Thursday, December 24, 2009

Of Dyeing and Warp Winding

Winding three colour warp with cheat sheet

When I'm winding a long or complex stripe sequence I post a cheat sheet above the warping board so that I can keep track of which colour comes next and how many ends of each colour are required.

In this case my counting string will count not merely threads but repeats of the stripe sequence. There will be two warp chains. I will break the warp into two more or less equal numbers of ends so that there will be about 3.5 of the middle stripe repeats in each warp chain. The trick, of course, is to get the warp chains side by side properly, but with this design that won't be difficult.

dyed 2/20 silk

Yesterday was a 'dye day' and I got 40 fifty gram skeins dyed. I'd been having some problems with resist marks from the skein ties and whined about this to someone I respect as a dyer who made her living for many years dyeing silk and would therefore know. She told me to remove all of the X ties and just tie circles of string loosely around the skeins.

Well, I was a bit hesitant but followed her advice and voila, no resist marks. Yes, the skeins did get a little unruly, but not much more so than with X ties.

Which leads me to step onto my soapbox. Many people complain bitterly about fugitive dyes ruining their projects. Often when I ask them how they wet finish they begin by saying something like "I soak the cloth for 24 hours....."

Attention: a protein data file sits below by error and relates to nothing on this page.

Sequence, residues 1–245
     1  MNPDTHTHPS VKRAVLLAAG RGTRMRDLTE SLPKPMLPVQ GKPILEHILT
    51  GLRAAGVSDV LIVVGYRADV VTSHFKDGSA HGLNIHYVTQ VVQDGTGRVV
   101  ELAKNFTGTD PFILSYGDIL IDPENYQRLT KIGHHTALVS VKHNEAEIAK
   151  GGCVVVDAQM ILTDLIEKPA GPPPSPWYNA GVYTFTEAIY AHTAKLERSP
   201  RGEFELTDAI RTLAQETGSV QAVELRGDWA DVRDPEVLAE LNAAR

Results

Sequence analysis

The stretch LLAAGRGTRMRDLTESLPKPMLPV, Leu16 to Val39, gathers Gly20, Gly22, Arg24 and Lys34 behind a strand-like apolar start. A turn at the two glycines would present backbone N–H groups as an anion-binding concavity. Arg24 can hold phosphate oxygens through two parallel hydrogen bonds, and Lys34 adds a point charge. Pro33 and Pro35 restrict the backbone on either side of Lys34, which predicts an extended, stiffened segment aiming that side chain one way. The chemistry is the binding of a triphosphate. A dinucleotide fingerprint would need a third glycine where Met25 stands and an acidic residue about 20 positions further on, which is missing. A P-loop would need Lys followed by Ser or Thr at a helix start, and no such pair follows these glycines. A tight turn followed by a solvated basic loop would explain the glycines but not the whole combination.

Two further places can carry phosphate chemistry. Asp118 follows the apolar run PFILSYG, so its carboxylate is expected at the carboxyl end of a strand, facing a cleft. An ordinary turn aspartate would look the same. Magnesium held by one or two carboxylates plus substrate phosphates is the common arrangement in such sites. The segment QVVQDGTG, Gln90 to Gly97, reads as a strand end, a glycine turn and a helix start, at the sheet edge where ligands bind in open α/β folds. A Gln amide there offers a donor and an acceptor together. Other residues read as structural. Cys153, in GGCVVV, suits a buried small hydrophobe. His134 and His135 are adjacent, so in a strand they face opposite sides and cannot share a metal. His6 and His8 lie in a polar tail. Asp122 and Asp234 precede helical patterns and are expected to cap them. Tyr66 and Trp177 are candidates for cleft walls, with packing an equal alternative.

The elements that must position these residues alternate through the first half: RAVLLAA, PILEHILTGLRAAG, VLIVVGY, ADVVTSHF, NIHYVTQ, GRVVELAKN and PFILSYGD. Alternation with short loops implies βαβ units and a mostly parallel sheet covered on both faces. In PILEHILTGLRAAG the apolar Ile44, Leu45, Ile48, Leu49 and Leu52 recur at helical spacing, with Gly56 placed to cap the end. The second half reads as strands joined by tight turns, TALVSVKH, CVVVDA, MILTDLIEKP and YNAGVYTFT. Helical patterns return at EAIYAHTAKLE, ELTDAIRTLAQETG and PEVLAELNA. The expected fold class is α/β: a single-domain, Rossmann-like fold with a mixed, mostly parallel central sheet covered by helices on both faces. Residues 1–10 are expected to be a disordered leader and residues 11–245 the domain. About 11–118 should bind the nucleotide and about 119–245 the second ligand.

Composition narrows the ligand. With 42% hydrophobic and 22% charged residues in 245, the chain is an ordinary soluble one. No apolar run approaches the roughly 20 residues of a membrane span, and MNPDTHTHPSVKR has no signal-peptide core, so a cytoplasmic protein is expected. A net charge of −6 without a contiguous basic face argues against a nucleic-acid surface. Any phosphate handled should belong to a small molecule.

This is an open invitation for any fugitive dye to release and settle elsewhere on the cloth.

I always assume that any dyed yarn has fugitive dye in it and treat it accordingly.

Therefore I never ever soak a web but get it into the water and rinse, rinse, rinse until I am sure there is no fugitive dye lurking to settle elsewhere and ruin my weaving. I use Color Catchers (made by the people who bring you Shout products) when I know for a fact there is fugitive dye in the yarn - and generally any cellulose yarns that have been hand dyed will for sure have fugitive dyes.

I've been told by some dyers that they rinse until there is just 'blush' left which means that there may not be much dye, but there is some left.

I've also found that in acid dyes magenta can have fugitive dye molecules that are difficult to rinse completely out and sometimes cyan can be problematic, too.

So as I say, always assume there will be fugitive dyes and wet finish accordingly.

Just one more good reason to wet finish your handwovens and not gift or sell un-wet finished articles.

And yes, the silk yarn will be on my Art Fire store in the new year.


Dorothy said...

Lovely photo of your dyed yarns. I am so glad to have the tip on how to tie the silk skeins for dyeing, I had my first go at dyeing silk this summer and was disappointed by the kind of marks you describe from the ties. I decided not to dye silk again until I'd worked it out, now I can try again!

I shall remember your wise words on wet finishing too ;)

barbara said...

Love the picture of your dyed silk - beautiful! Wow, great day of dying!! All the best to you and Doug during the Holiday Season.
Weaverly yours ..... Barbara

Peg in South Carolina said...

I sometimes have the same problem when I dye 60/2 silk, but I just do not have the courage to substitute a wrap tie for a figure-of-eight tie, not in 60/2 silk. I rarely have this problem when I wind my own skeins and make the figure-of-8 ties. Really only when I dye a whole skein as purchased.

Sharon Schulze said...

Just luscious! Christmas has been beautiful - amazing, really, in lots of ways with more blessings that I dare to even say out loud. Starting at noon on Saturday I get 8 whole days to be off and do what I want (mostly) and the picture of those luscious yarns is just the inspiration I need!